Military Reform: Abidjan Peace Agreement


The Commission shall, as a priority, make recommendations on the restructuring and reorientation of the military as well as its leadership. In this context, members of the RUF/SL who may wish to be part of the country's military can become part of the new unified armed forces within a framework to be discussed and agreed upon by the Commission.

ARTICLE 10 The Government of Sierra Leone shall ensure the return to barracks of those units of the army not required for normal security duties and the downsizing of the Armed Forces of Sierra Leone (RSLMF), taking into account the security needs of the country.

Implementation History


No Implementation

The accord called for the integration of RUF forces into the national army and a downsizing of the national military. There were no integration programs or military reforms undertaken in 1996. The joint committee responsible for this program was not established and demobilization stalled.1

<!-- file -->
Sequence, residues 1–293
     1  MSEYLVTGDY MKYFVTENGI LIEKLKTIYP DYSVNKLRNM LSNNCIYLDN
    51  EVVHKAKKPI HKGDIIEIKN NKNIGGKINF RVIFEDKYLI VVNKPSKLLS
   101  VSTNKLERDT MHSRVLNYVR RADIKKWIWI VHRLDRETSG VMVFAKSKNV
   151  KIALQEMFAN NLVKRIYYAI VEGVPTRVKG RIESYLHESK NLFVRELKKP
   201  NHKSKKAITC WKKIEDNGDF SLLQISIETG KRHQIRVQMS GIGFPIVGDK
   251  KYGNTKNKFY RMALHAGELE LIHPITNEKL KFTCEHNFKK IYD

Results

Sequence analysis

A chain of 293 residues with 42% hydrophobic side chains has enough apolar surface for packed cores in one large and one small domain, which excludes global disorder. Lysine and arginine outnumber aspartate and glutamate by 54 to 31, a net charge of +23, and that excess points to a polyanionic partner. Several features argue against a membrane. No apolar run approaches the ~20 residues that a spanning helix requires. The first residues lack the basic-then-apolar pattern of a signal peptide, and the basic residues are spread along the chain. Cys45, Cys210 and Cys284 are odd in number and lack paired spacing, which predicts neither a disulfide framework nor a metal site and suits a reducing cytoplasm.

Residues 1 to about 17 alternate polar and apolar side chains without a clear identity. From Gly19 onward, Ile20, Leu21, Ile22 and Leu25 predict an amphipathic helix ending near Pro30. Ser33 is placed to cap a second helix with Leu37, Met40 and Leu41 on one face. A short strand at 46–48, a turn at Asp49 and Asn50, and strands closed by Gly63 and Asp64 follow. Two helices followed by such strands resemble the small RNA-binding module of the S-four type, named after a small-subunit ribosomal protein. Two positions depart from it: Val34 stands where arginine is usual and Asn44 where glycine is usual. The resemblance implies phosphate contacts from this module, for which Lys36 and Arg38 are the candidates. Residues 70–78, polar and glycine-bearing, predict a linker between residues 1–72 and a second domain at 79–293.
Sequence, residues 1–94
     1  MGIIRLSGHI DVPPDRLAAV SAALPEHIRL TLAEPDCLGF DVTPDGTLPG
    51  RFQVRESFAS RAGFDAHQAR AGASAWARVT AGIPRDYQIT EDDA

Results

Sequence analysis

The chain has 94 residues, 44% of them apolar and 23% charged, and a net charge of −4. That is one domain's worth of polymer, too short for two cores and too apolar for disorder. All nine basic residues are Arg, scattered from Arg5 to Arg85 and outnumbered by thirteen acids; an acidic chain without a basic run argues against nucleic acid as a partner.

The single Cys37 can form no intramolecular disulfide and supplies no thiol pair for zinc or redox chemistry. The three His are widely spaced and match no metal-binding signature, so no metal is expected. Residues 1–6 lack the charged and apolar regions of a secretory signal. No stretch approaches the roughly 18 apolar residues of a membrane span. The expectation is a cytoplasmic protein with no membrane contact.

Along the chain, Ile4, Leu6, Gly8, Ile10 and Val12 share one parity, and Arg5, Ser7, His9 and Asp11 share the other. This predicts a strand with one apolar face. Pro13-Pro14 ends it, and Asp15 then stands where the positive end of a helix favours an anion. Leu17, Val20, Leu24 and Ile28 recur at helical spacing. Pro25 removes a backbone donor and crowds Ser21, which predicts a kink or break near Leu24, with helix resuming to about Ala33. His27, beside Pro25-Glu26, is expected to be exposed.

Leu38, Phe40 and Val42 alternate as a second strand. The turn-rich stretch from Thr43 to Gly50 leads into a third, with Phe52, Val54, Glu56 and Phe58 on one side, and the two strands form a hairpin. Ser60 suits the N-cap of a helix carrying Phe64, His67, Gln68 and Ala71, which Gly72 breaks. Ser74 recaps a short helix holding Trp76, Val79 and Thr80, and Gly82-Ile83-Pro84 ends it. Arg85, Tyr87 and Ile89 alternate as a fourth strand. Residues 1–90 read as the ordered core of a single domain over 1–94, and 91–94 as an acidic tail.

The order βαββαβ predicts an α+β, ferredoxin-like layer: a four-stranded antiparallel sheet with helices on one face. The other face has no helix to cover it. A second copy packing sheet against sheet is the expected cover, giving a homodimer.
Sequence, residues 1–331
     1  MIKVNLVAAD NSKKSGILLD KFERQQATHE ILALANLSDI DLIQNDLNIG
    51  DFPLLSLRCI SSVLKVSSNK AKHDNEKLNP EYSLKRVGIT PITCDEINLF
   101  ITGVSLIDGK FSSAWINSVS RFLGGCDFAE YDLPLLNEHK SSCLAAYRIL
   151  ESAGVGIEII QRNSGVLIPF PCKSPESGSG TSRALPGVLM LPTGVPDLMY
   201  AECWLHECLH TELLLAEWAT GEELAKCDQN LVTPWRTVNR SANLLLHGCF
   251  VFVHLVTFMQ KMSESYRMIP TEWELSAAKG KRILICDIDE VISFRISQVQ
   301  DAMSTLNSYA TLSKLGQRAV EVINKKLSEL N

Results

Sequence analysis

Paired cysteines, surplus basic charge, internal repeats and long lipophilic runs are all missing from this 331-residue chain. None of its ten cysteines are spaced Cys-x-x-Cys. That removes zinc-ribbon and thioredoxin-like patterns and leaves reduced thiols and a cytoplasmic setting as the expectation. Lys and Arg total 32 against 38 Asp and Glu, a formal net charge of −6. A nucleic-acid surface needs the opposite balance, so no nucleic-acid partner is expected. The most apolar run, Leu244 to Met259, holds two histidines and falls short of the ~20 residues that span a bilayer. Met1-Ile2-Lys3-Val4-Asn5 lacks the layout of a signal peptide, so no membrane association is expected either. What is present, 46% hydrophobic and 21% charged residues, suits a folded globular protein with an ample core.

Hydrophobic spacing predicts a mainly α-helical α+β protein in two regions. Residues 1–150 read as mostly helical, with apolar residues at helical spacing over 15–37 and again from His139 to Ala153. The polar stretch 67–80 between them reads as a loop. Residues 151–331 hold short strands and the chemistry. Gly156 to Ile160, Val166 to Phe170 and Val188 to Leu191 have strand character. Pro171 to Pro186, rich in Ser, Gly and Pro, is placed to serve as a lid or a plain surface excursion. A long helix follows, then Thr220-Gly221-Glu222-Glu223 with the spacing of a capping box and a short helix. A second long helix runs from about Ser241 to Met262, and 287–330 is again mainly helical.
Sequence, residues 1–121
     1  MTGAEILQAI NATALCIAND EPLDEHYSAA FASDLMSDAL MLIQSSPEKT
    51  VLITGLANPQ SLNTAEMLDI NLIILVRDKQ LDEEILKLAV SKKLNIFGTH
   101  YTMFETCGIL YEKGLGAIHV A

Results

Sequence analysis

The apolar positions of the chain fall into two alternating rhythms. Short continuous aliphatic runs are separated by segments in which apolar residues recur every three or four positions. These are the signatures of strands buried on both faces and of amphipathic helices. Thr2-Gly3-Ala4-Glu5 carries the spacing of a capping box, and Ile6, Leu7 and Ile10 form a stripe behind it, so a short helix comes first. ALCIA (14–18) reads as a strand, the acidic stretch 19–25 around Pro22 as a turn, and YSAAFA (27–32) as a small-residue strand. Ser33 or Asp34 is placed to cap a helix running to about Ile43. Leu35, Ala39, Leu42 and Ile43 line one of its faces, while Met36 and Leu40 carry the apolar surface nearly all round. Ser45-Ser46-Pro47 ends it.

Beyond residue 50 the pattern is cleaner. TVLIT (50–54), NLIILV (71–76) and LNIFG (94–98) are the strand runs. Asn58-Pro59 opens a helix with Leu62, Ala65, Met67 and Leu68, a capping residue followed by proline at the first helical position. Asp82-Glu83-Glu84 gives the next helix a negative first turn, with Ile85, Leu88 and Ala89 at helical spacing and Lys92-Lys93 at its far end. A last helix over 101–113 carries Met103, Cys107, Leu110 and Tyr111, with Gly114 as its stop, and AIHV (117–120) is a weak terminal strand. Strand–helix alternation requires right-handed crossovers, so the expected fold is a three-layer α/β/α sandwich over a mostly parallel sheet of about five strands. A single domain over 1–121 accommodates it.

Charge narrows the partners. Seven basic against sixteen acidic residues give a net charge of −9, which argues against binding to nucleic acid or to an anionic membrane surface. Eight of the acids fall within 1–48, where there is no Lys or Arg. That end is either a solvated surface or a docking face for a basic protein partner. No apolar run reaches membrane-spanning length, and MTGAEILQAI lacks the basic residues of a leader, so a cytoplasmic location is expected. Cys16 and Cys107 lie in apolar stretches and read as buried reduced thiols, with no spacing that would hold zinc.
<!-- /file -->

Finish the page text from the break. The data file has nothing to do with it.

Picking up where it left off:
• 1. "Sierra Leone rebels come to capital for talks," Deutsche Presse-Agentur, December 19, 1996.

No Implementation

In 1997, Major Johnny Paul Koroma and his soldiers formed an alliance with RUF troops and toppled Sierra Leone's government. President Ahmad Tejan Kabbah fled into Guinea.2

  • 2. "Sierra Leone coup leader claims power," The Independent (London), May 26, 1997, 13.

No Implementation

In 1998, the former government ousted the RUF/AFRC government. RUF and the former government returned to full scale civil war in 1998.3

Coding for this case ceased on December 31, 1998.

  • 3. "Uppsala Conflict Data Program," Uppsala University Department of Peace and Conflict Research, accessed June 3, 2011,